But 5 cores would be assymetric. 6 is not, and it also happens to be the maximum number of cores you can put on a same diameter core as boosters.

"A one-core launcher for comsats or crews to the space station" That would be one large core-actually, that's basically what Falcon 9 V1.1 is. V.1.1 Full thrust is larger, so a Falcon Heavy Expendable isn't exactly what you envision as a 2-core version of the rocket, but somewhat smaller, say 38 T to LEO for a 2-core version of your LV rather than the 45 of Falcon Heavy. A 4-core version might carry 55 T to LEO, and a 6-core version 70T. Though, you probably want a larger 2nd stage on the 6-core version to take advantage of the extra thrust of the SRBs, so let's say 85T for the final evolution.

That wouldn't be too bad- it's smaller than the SLS workhorse Block IB, but you could probably send sizble chunks of a moon base with a launcher like that. That kind of solution probably would be less suited as a solution if NASA was deciding how to build the SLS, though, as SLS is basically Jupiter V4.0, which was designed to make use of existing tech and infrasturcture as much as possible.

Resuability is not a good idea for a SHLV, which won't exactly launch too often.

A multi-core rocket still has aerodynamic problems if you attach giant overhang fairings on it, though it does allow for larger fairings- Angara A5 has a 200% overhang fairing, rather than the 160% that's the usual maximum. Honestly, if I was desigining the rocket, I would make a 8-meter diameter (same as shuttle ET) RP-1 LOX stubby core, to allow for large fairing sizes on the larger versions. Yes, I recongize it would look weird, but NASA is considering 10 meter diameter fairings, as 8-meter fairings are too small for their human Mars landers- and these are for small (for humans) 15 T landers. To make a 30T lander, at least 10 meter would be required.

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I meant 5 cores total, like Angara-A5.

And reusability would be for the single-core version (and for the three-core, Falcon Heavy style in which two cores return to the launch site and the center core is either expended or lands on a barge).

The issue is that 8 m is too wide for the 20-tonne LEO crew launcher/GTO comsat launcher.

Edited by Pipcard

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I meant 5 cores total, like Angara-A5.

And reusability would be for the single-core version (and for the three-core, Falcon Heavy style in which two cores return and the center core is either expended or lands on a barge).

The issue is that 8 m is too wide for the 20-tonne launcher.

A compromise 6.5 meters then?

I know a wider core is less aerodynamically efficient, but it also makes it easier to land for reusability.

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How about this:

Step 1. Build transit craft as large as desired in orbit, using smaller modules. (this part goes to and from orbit around the destination planet or moon)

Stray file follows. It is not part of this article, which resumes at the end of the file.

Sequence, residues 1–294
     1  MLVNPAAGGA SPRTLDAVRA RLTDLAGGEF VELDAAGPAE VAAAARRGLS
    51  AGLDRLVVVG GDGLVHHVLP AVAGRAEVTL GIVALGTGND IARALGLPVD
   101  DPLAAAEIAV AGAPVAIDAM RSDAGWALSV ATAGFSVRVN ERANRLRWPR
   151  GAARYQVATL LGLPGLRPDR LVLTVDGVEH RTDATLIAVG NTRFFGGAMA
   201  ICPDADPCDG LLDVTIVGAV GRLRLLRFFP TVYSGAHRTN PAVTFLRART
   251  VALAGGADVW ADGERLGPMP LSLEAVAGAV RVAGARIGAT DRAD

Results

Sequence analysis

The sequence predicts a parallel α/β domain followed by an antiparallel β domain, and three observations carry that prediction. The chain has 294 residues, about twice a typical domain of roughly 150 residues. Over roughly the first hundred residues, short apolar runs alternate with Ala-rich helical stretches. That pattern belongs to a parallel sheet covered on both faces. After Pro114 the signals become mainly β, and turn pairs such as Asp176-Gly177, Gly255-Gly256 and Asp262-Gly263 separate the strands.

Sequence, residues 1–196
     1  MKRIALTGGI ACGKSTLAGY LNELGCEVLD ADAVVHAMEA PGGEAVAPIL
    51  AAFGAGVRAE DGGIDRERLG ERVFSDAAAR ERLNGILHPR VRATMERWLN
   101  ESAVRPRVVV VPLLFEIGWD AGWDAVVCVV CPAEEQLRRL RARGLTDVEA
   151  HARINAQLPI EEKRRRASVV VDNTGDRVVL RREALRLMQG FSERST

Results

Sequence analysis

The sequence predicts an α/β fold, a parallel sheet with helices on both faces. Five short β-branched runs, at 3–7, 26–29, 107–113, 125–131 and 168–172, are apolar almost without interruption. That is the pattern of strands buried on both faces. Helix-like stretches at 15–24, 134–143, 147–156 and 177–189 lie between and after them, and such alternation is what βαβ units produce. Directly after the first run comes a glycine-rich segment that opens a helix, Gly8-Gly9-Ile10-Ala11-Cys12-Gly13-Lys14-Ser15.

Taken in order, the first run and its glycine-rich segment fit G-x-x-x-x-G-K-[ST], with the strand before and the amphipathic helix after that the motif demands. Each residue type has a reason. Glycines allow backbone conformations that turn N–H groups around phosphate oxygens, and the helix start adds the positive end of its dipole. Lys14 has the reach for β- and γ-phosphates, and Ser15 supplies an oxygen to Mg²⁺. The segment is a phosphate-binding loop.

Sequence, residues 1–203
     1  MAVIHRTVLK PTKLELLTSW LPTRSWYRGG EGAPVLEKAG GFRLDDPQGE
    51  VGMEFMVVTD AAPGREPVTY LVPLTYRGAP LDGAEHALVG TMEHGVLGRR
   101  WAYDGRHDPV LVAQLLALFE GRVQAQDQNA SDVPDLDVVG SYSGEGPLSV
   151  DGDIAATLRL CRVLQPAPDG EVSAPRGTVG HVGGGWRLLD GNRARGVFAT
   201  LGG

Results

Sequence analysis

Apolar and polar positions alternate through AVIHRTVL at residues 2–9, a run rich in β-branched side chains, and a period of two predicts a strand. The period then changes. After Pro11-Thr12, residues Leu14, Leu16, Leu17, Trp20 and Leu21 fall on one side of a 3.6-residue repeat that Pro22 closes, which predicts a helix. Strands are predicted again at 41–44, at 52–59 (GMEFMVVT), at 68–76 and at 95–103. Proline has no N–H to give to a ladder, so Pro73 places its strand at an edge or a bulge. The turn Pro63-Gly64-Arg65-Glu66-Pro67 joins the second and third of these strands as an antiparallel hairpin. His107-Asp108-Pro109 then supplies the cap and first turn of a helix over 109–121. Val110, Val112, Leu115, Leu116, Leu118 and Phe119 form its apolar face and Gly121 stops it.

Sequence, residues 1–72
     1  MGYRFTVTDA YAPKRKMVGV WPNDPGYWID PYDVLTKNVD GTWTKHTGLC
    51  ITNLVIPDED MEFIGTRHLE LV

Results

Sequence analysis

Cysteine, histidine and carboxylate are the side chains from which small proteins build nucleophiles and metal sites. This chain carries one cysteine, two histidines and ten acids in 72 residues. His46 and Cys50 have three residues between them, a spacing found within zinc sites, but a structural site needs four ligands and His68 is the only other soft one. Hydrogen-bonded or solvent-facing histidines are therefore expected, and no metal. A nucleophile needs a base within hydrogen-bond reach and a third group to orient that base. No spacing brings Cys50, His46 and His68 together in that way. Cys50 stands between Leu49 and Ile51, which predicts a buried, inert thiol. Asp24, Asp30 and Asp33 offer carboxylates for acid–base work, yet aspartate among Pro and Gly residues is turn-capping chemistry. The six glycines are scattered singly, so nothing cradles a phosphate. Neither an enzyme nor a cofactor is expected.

Step 2a. Use the SLS-class launcher's superior payload fairing diameter to launch outsize cargo such as a lander or other things using heatshields on Mars.

Step 2b.Tugs launched with smaller rockets move the outsize cargo to the spacecraft under construction for docking.

Step 3. While being constructed, use the craft as a space station.

Step 4. Use the SLS-class launcher's superior payload mass capacity to launch a very large LH2/LOX transfer stage.

The basic idea here is to let each size rocket do what it's good at, and avoid sending up a payload on a too-big rocket at all costs (assuming that building a mid-size rocket or not launching the payload at all are not acceptable).

Orbital habitation stuff can be launched on smaller rockets, and as stated that removes the limit on max size of the craft.

This leaves the big rocket to do what it's built for, which is launching things too big and/or heavy for any other rocket. No sense sending up Sputnik on a Saturn-V.

Step 3 is important, and provides a fall-back plan should the big rocket have design or funding issues. Anything that can support a crew on its journey to Mars can support a research team in Earth orbit, and the same connections used to deliver the supplies while constructing the craft can be used to resupply the craft while in Earth orbit.

This isn't so much "take the ISS to mars" as it is "use the Mars Transit Vessel while in Earth Orbit".

Don't use super-low LEO either, there's too much air drag. I'd suggest an orbit somewhere from 1000-2500km altitude, as I don't think the Van Allen belts are THAT low.

As with most things, this isn't an "A" XOR "B" question. The best solution is somewhere in the middle.

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You end up needing both if you want to go anywhere manned farther than the Moon. No plan for Mars is actually less than 200t for habitat+transfer module, and making a huge number of launches is extraordinarily expensive, the ISS cost over 100 billion to assemble. And while people want to not include shuttle launch costs and instead say mid sized rockets are cheaper, we used exactly that any time it was an option. But those don't carry astronauts as well as loads, or have built in station keeping ability.

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I tried to use mechjeb. my game lagged to about one frame every five weeks.

reduce graphical quality settings in settings then.